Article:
On the Computable and Reverse Mathematics of Combinatorial Principles
Author: Denis R Hirschfeldt
Publisher: World Scientific
This book is a brief and focused introduction to the reverse mathematics and computability theory of combinatorial principles, an area of research which has seen a particular surge of activity in the last few years. It provides an overview of some fundamental ideas and techniques, and enough context to make it possible for students with at least a basic knowledge of computability theory and proof theory to appreciate the exciting advances currently happening in the area, and perhaps make contributions of their own. It adopts a case-study approach, using the study of versions of Ramsey's Theorem (for colorings of tuples of natural numbers) and related principles as illustrations of various aspects of computability theoretic and reverse mathematical analysis. This book contains many exercises and open questions. Contents:Setting Off: An IntroductionGathering Our Tools: Basic Concepts and NotationFinding Our Path: König's Lemma and ComputabilityGauging Our Strength: Reverse MathematicsIn Defense of DisarrayAchieving Consensus: Ramsey's TheoremPreserving Our Power: ConservativityDrawing a Map: Five DiagramsExploring Our Surroundings: The World Below RT22Charging Ahead: Further TopicsLagniappe: A Proof of Liu's Theorem Readership: Graduates and researchers in mathematical logic. Key Features:This book assumes minimal background in mathematical logic and takes the reader all the way to current research in a highly active areaIt is the first detailed introduction to this particular approach to this area of researchThe combination of fully worked out arguments and exercises make this book well suited to self-study by graduate students and other researchers unfamiliar with the areaKeywords:Reverse Mathematics;Computability Theory;Computable Mathematics;Computable Combinatorics
Author: E. Börger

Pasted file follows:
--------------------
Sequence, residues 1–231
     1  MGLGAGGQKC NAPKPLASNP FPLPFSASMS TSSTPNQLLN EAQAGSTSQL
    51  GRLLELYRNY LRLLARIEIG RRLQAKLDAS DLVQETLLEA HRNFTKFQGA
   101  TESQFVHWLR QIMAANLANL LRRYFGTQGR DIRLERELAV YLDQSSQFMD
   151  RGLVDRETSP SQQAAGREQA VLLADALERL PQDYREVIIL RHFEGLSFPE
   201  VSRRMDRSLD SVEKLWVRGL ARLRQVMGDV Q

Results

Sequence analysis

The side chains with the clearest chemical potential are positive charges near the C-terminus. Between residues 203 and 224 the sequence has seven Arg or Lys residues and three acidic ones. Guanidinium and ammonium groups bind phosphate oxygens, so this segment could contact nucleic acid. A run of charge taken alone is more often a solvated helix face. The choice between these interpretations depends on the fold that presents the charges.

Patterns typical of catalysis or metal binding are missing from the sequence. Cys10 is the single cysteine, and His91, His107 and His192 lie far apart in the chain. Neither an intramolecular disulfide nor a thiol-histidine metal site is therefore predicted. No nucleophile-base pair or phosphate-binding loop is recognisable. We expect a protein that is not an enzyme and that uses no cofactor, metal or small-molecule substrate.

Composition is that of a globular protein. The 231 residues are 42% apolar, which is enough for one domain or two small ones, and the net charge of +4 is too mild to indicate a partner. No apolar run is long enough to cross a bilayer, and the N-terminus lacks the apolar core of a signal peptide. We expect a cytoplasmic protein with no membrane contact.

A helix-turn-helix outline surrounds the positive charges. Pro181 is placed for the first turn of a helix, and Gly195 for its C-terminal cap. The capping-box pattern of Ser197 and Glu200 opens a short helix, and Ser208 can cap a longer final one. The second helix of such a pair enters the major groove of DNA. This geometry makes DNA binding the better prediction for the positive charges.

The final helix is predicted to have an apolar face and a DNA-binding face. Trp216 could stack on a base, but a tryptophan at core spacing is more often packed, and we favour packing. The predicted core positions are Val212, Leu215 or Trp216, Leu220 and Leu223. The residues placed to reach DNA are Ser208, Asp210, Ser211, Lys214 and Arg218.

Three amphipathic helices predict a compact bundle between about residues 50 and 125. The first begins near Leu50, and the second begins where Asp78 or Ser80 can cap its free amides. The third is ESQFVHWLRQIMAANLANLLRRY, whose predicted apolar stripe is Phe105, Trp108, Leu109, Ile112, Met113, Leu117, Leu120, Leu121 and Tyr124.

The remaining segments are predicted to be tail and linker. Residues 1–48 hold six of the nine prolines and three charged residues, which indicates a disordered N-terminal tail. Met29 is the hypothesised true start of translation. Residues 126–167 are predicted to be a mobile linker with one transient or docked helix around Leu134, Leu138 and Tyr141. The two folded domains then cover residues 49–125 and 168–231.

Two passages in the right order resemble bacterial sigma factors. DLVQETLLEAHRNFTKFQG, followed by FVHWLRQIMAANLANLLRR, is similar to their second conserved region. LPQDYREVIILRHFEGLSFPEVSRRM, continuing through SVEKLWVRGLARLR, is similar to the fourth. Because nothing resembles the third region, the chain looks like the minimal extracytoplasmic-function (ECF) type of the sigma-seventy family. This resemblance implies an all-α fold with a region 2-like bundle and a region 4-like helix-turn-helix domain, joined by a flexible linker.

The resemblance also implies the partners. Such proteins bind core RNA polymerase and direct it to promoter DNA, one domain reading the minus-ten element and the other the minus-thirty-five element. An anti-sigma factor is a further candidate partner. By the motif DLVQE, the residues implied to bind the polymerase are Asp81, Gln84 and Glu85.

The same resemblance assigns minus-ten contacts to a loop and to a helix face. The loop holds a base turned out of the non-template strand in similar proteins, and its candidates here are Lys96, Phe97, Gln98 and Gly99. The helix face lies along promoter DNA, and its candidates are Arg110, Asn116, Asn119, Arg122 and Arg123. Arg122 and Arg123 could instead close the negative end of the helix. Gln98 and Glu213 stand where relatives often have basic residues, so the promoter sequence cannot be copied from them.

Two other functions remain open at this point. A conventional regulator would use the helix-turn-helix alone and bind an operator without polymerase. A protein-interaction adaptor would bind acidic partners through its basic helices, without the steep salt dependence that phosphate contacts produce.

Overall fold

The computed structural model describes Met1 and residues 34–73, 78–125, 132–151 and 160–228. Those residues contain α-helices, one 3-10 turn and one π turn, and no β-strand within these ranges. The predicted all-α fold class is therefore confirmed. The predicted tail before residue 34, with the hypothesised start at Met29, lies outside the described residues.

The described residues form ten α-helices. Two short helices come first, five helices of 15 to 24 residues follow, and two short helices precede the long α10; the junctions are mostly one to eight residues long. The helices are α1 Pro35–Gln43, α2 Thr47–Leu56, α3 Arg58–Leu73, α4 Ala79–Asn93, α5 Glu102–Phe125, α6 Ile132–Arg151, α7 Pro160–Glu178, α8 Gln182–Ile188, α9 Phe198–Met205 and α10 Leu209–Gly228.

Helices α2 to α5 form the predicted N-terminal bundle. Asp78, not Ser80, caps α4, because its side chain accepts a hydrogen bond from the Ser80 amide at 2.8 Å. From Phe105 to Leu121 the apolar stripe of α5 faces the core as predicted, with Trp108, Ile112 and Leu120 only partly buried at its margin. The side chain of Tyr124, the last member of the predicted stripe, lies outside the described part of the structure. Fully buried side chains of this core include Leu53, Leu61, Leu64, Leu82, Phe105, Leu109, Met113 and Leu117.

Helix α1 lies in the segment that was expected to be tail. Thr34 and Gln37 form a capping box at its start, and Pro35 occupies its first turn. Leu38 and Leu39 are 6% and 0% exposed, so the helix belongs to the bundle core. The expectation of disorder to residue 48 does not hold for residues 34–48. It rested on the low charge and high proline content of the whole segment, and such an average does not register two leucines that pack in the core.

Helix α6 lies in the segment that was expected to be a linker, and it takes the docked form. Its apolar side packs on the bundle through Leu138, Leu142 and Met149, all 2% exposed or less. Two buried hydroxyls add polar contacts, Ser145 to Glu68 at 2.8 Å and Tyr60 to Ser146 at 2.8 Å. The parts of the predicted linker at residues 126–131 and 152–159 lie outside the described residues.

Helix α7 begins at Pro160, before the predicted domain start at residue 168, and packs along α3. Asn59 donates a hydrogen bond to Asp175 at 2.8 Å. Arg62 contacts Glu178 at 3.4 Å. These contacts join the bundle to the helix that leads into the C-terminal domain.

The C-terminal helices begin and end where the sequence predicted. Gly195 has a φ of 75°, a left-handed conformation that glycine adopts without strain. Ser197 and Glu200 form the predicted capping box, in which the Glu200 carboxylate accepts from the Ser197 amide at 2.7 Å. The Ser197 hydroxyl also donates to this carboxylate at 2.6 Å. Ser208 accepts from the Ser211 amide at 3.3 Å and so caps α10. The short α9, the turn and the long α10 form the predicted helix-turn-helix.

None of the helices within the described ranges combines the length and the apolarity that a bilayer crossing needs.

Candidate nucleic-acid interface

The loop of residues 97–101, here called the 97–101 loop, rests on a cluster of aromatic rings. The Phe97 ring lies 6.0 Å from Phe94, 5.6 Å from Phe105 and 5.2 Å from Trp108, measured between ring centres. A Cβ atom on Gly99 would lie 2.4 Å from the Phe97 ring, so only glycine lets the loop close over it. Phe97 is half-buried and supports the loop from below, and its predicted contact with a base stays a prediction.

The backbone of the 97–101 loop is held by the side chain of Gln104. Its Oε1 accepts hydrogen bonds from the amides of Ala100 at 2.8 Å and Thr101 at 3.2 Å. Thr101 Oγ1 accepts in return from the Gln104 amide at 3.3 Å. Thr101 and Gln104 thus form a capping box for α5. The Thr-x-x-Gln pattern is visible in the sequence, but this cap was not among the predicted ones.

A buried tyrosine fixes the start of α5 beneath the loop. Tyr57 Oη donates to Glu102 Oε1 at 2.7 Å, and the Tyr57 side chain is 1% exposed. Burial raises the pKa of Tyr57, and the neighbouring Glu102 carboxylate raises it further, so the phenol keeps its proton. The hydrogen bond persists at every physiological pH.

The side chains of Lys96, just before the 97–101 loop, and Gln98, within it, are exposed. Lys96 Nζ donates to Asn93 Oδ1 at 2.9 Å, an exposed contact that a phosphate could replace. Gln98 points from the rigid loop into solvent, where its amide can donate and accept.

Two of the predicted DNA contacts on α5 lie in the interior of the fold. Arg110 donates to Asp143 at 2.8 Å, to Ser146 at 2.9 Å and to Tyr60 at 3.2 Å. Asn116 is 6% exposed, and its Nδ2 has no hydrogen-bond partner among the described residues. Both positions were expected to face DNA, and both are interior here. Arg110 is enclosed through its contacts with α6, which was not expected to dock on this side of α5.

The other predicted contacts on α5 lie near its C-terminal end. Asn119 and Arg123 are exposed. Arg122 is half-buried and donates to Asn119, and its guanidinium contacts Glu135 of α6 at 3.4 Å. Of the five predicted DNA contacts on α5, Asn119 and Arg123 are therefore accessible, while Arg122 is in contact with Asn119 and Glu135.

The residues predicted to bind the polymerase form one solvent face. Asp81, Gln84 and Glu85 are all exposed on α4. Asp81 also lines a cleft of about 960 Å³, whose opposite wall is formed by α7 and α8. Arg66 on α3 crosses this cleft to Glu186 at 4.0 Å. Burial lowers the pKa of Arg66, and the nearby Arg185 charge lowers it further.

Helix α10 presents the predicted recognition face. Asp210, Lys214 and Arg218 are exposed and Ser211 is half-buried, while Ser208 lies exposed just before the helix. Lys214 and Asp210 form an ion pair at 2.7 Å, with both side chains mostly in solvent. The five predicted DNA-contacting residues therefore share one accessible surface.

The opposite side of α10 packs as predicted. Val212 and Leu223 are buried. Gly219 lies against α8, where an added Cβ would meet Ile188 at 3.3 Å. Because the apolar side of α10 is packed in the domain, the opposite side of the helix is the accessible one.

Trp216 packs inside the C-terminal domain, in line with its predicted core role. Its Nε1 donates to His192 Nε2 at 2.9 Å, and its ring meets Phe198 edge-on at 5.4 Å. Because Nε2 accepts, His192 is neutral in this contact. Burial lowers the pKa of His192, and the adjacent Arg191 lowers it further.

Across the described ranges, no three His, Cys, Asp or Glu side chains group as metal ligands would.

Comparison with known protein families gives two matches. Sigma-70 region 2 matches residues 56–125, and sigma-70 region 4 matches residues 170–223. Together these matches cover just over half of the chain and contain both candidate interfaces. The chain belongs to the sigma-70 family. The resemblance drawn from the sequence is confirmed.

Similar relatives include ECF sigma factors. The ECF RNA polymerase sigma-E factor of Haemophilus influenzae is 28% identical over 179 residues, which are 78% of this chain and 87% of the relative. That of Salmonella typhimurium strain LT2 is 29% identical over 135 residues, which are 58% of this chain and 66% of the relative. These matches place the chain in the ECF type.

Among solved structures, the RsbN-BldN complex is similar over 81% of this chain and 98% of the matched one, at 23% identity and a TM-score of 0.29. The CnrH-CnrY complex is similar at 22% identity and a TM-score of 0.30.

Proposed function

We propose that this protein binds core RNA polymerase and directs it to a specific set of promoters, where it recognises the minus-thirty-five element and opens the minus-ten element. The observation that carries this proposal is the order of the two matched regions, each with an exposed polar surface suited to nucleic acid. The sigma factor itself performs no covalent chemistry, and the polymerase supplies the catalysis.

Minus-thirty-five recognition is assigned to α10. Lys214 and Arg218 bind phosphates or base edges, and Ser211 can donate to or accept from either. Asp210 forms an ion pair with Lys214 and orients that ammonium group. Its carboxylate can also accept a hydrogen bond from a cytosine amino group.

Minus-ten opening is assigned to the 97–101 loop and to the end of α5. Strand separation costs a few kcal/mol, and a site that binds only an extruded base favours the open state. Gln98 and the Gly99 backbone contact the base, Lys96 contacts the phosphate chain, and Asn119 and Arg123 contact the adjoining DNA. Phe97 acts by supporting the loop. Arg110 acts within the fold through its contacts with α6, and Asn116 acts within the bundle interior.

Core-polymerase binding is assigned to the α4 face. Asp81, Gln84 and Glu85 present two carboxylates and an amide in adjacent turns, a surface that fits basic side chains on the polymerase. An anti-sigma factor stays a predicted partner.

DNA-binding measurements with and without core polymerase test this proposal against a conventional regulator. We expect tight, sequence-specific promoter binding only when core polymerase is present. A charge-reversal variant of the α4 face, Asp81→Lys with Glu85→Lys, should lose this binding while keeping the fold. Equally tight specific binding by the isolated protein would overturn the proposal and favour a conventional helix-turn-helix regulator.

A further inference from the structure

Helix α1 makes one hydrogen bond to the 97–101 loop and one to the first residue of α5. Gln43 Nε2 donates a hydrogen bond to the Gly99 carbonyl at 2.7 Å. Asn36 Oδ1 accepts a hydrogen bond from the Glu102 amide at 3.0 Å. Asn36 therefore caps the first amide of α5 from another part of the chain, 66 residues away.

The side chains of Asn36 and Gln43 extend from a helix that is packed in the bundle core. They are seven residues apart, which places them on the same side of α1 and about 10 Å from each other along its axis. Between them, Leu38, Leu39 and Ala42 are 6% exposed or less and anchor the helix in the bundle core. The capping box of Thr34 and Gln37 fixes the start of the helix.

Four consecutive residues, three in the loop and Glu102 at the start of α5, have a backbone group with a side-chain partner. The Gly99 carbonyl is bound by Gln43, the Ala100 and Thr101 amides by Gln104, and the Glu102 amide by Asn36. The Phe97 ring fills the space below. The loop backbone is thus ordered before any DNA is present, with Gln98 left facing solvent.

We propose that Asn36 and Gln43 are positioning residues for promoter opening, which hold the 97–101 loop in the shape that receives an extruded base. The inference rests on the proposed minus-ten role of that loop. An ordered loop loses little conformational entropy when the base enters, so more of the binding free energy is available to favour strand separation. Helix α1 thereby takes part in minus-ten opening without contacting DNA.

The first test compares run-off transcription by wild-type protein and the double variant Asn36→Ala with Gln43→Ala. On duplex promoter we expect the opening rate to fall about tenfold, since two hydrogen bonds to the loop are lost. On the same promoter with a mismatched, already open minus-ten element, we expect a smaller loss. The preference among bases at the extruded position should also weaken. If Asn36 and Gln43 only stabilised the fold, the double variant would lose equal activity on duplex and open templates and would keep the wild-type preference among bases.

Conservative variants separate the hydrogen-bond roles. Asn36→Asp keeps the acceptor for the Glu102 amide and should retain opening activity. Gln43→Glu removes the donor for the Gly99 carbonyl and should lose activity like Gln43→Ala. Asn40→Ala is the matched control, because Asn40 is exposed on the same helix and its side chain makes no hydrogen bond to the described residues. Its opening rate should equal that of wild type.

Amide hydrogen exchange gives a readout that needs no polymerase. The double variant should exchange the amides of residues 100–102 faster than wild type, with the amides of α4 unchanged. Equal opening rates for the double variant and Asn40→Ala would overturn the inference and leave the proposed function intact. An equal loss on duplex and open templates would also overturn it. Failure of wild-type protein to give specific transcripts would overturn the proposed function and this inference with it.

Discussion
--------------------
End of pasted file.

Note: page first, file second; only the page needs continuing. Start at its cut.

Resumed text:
The theme of this book is formed by a pair of concepts: the concept of formal language as carrier of the precise expression of meaning, facts and problems, and the concept of algorithm or calculus, i.e. a formally operating procedure for the solution of precisely described questions and problems. The book is a unified introduction to the modern theory of these concepts, to the way in which they developed first in mathematical logic and computability theory and later in automata theory, and to the theory of formal languages and complexity theory. Apart from considering the fundamental themes and classical aspects of these areas, the subject matter has been selected to give priority throughout to the new aspects of traditional questions, results and methods which have developed from the needs or knowledge of computer science and particularly of complexity theory. It is both a textbook for introductory courses in the above-mentioned disciplines as well as a monograph in which further results of new research are systematically presented and where an attempt is made to make explicit the connections and analogies between a variety of concepts and constructions.
Author: Nicholas Pippenger
Publisher: Cambridge University Press
A mathematically sophisticated introduction to Turing's theory, Boolean functions, automata, and formal languages.
The Mathematics of Truth and Proof
Author: John C. Stillwell
Publisher: CRC Press